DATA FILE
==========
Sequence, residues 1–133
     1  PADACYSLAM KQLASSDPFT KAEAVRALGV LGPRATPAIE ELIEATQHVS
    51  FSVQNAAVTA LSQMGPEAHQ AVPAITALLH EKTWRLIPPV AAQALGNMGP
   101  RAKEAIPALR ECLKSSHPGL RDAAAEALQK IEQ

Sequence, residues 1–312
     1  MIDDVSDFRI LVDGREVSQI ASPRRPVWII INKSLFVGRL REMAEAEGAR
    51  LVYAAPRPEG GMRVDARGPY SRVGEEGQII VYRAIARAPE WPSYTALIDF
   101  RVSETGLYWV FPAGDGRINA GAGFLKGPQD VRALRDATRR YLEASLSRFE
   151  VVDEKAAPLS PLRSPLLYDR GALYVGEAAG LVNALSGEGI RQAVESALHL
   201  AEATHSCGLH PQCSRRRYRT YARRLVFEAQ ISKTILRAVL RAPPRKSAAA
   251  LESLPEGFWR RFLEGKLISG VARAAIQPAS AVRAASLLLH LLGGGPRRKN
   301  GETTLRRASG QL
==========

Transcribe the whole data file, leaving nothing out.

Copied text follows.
Sequence, residues 1–133
     1  PADACYSLAM KQLASSDPFT KAEAVRALGV LGPRATPAIE ELIEATQHVS
    51  FSVQNAAVTA LSQMGPEAHQ AVPAITALLH EKTWRLIPPV AAQALGNMGP
   101  RAKEAIPALR ECLKSSHPGL RDAAAEALQK IEQ

Sequence, residues 1–312
     1  MIDDVSDFRI LVDGREVSQI ASPRRPVWII INKSLFVGRL REMAEAEGAR
    51  LVYAAPRPEG GMRVDARGPY SRVGEEGQII VYRAIARAPE WPSYTALIDF
   101  RVSETGLYWV FPAGDGRINA GAGFLKGPQD VRALRDATRR YLEASLSRFE
   151  VVDEKAAPLS PLRSPLLYDR GALYVGEAAG LVNALSGEGI RQAVESALHL
   201  AEATHSCGLH PQCSRRRYRT YARRLVFEAQ ISKTILRAVL RAPPRKSAAA
   251  LESLPEGFWR RFLEGKLISG VARAAIQPAS AVRAASLLLH LLGGGPRRKN
   301  GETTLRRASG QL